Chapter
This chapter considers the postcolonial Gothic challenge to oppressive colonial and gendered haunted houses, narratives and constructions figured here as ‘Bluebeard and his castle’ to suggest both the mind-set and the fabric of repressive patriarchal and colonial control, which the postcolonial Gothic helps to dismantle. African American/Canadian T...
Chapter
This chapter considers how Susan Hill’s revival of the British ghost story, The Woman in Black (1983), suddenly reawoke many readers to the power of the Gothic through the ghost story to reveal the horrible secrets of the past and their deadly legacy in the present. This chapter shows how contemporary women’s ghost stories rewrite nineteenth and tw...
Chapter
Gina Wisker’s work asks and answers the questions: Why do contemporary women write the Gothic? What are the essential links between feminist perspectives and critiques, and the contemporary Gothic? It begins by establishing a background in historical Gothic writing by women—Gothic revival in Daphne du Maurier’s Rebecca, Jean Rhys’ Wide Sargasso Sea...
Chapter
This chapter discusses two Canadian women Gothic writers, Alice Munro and Margaret Atwood exposing how our own narratives and those of others control and misrepresent us. Munro’s Gothic tales are of vast open spaces and small constrained lives, escapes and performances which lead to dead ends. Gina Wisker explores how Margaret Atwood undercuts the...
Chapter
The final chapter looks at how despite threats of its imminent exhaustion and demise, the several branches of contemporary women’s Gothic flourish and diversify. The chapter argues that Gothic is a cultural connection and critical comment, essentially political and personal. The extraordinary horrors of the everyday might threaten to overwhelm our...
Chapter
Vampires are the ultimate Gothic creatures, a living dead contradiction able to vehicle the angst, desires and fears of whatever time, place and cultural context produces them. Sexier, better dressed and more able to pass as romantic leads than zombies, their use as a measure of the gendered cultural concerns and contradictions of time and place is...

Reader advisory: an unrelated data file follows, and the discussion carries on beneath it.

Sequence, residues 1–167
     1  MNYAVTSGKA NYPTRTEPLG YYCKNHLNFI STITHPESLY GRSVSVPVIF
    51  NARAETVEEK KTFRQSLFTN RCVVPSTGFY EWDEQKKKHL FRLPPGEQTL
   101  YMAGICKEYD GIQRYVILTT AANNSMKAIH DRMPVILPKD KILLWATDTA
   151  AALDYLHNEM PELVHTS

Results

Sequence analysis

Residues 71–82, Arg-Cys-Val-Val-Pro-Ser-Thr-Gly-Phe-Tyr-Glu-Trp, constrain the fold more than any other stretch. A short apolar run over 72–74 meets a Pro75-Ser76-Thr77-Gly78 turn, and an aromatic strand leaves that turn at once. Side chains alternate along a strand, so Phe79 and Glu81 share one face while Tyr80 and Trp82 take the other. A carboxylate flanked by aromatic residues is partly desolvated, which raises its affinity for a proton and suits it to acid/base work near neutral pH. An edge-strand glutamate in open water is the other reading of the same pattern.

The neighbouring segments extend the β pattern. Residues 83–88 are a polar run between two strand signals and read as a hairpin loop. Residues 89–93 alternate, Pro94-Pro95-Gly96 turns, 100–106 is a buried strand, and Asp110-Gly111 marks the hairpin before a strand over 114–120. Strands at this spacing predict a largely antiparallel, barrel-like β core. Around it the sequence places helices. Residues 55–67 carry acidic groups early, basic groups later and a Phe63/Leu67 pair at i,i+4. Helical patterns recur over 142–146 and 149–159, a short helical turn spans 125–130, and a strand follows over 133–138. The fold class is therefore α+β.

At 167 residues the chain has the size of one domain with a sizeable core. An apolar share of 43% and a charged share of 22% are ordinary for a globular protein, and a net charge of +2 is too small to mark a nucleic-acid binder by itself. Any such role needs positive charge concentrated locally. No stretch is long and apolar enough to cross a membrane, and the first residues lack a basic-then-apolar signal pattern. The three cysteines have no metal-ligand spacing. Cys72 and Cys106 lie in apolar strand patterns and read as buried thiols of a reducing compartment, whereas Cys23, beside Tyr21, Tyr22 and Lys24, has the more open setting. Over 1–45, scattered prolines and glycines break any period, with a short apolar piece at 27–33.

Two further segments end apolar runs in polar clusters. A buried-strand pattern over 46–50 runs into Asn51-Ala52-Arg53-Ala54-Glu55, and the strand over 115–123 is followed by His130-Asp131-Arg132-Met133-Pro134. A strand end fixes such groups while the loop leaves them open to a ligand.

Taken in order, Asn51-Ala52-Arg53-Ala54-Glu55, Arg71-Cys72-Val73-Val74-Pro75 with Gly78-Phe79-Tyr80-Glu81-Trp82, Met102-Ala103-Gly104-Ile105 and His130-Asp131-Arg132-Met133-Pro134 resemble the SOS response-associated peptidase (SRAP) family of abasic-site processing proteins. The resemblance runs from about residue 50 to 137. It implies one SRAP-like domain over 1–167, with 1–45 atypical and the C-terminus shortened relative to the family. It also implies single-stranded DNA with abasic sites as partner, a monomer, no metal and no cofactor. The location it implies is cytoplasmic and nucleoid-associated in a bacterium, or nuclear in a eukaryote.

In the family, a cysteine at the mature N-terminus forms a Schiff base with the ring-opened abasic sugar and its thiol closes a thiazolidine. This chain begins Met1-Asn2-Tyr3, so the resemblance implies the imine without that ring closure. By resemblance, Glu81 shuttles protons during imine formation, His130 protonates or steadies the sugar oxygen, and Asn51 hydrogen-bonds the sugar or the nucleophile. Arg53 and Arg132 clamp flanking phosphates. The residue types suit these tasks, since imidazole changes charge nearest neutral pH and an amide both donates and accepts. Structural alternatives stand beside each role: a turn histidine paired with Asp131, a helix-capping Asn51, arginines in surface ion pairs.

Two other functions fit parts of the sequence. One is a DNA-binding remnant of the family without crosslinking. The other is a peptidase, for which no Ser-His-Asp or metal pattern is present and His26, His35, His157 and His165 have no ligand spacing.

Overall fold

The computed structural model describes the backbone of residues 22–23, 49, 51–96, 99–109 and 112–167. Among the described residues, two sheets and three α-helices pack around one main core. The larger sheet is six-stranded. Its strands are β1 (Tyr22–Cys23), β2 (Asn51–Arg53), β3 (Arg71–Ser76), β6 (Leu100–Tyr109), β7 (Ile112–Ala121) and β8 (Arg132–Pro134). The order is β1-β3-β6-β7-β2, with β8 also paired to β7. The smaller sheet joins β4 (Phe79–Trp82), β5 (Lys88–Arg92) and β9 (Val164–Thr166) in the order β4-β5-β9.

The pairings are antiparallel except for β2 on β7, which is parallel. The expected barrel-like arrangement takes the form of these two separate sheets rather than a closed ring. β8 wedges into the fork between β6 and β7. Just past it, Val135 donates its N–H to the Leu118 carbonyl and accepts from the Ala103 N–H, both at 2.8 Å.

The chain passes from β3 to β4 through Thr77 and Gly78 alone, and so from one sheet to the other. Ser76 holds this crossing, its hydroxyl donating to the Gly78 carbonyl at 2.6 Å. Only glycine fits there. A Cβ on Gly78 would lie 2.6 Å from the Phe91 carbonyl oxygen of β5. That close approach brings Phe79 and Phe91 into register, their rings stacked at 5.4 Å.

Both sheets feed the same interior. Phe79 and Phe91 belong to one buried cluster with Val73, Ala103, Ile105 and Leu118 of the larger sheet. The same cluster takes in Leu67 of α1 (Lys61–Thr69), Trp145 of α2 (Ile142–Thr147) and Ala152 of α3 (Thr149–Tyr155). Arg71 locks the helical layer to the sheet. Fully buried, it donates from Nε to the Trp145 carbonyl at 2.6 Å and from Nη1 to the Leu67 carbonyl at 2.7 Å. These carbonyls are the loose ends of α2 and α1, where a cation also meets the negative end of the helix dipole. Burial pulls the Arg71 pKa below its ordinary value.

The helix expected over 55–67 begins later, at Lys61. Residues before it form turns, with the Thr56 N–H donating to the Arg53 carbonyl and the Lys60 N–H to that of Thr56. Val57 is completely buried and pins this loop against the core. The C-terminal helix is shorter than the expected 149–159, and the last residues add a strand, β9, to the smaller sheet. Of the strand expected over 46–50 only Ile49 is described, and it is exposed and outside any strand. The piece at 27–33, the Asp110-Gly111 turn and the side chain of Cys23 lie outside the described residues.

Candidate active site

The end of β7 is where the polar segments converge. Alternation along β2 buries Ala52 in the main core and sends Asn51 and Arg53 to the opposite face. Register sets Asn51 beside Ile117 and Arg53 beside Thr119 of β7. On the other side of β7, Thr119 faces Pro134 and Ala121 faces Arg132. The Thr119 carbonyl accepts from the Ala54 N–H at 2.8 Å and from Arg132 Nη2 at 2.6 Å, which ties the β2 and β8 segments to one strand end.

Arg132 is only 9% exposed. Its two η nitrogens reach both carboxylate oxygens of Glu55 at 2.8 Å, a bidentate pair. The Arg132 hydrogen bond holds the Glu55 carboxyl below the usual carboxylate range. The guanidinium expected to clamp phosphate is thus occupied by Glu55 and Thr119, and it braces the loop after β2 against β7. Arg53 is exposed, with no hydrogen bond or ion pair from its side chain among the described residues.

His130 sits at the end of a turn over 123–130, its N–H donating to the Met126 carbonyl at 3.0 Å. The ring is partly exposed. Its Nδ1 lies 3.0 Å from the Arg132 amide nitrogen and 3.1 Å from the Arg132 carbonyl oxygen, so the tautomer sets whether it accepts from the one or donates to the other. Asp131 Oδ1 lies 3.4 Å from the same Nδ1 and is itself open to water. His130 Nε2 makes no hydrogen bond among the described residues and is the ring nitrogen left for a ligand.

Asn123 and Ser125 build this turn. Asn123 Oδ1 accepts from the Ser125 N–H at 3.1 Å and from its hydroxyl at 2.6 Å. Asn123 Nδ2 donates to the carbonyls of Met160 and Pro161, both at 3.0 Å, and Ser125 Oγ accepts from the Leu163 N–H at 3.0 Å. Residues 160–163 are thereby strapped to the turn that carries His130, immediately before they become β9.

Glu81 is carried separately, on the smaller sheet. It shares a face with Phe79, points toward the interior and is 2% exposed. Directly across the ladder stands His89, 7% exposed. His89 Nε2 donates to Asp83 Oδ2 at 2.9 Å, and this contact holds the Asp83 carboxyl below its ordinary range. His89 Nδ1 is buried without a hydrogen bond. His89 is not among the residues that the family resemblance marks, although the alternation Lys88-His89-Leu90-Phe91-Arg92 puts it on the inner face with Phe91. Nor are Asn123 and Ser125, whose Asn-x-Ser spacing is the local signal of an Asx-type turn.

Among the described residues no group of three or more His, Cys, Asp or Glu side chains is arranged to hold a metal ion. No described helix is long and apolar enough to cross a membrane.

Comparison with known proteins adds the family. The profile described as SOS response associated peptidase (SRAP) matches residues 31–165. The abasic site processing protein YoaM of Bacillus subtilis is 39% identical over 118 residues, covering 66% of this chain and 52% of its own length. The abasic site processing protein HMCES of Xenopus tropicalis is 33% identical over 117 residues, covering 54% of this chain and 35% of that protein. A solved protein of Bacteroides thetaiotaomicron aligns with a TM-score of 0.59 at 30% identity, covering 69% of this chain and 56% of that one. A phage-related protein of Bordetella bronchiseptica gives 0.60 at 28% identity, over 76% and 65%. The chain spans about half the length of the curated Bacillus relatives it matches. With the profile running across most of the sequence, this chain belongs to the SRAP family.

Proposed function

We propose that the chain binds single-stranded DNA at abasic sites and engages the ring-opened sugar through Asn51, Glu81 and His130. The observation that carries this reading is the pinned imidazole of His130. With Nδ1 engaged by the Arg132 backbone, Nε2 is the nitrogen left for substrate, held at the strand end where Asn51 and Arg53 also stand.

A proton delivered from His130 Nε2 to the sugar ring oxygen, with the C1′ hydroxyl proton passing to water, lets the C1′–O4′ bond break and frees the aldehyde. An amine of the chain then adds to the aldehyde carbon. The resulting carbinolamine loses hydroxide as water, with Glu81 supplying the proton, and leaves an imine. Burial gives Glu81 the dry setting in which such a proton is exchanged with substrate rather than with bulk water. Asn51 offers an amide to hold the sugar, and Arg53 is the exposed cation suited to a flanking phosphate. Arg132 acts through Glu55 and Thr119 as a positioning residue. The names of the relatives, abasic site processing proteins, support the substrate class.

Chapter
This chapter revitalises perspectives on Angela Carter exploring how the Gothic is malleable in her hands. Carter demythologises constraining myths of gender and power, using the Gothic’s ability to hold polarities in tension and expose performativity while celebrating potential and excess. The baroque, embellished language and imagery of Angela Ca...
Chapter
This chapter explores cultural haunting in African American women’s Gothic, looking closely at Toni Morrison’s Beloved (1987), her later Home (2012) and at Tananarive Due’s Joplin’s Ghost (2006). It deals with the ways in which the Gothic exposes hidden painful histories of endemic racism, treatment of people as less than human because of their eth...
Chapter
This chapter explores contemporary fascination with the vampire, looking at the popular fictional vampire of the twenty-first century—Stephenie Meyer’s (Twilight) and Charlaine Harris’ (True Blood) often conservative use of a radical figure. This emphasises the return of the vampire romance, management of cultural values, the power of the family an...
Article
‘At last we have a definitive guide to the marriage between contemporary women’s fiction and the Gothic, which gleefully plunges the romance plot into darkness and prises heroines away from constraining narratives in an endless series of reinventions from the Cartesque through to the post-colonial.’ – Marie Mulvey-Roberts, University of the West o...
Chapter
As a genre, Gothic horror has never been more popular on the university syllabus, yet, because it is often seen as low brow, popular culture, distasteful schlock, horror hides behind the ‘Gothic’, its more respectable half, or behind speculative fiction, or period studies.1 Gothic horror appears in the work of many classic and contemporary writers....
Conference Paper
Full-text available
Within the current higher education context, early career researchers (ECRs) face a ‘risk-career’ in which predictable, stable academic careers have become increasingly rare. Traditional milestones to signal progress toward a sustainable research career are disappearing or subject to reinterpretation, and ECRs need to attend to new or reimagined si...
Article
Full-text available
The literature review is arguably the place in a thesis where doctoral authors convincingly engage with theory and theoretical perspectives underlying their research, situating their own contribution to knowledge in established and ongoing dialogues in the field. One difficulty doctoral candidates encounter in their learning to be researchers is ar...
Article
Full-text available
Within the current higher education context, early career researchers (ECRs) face a 'risk-career' in which predictable, stable academic careers have become increasingly rare. Traditional milestones to signal progress toward a sustainable research career are disappearing or subject to reinterpretation, and ECRs need to attend to new or reimagined si...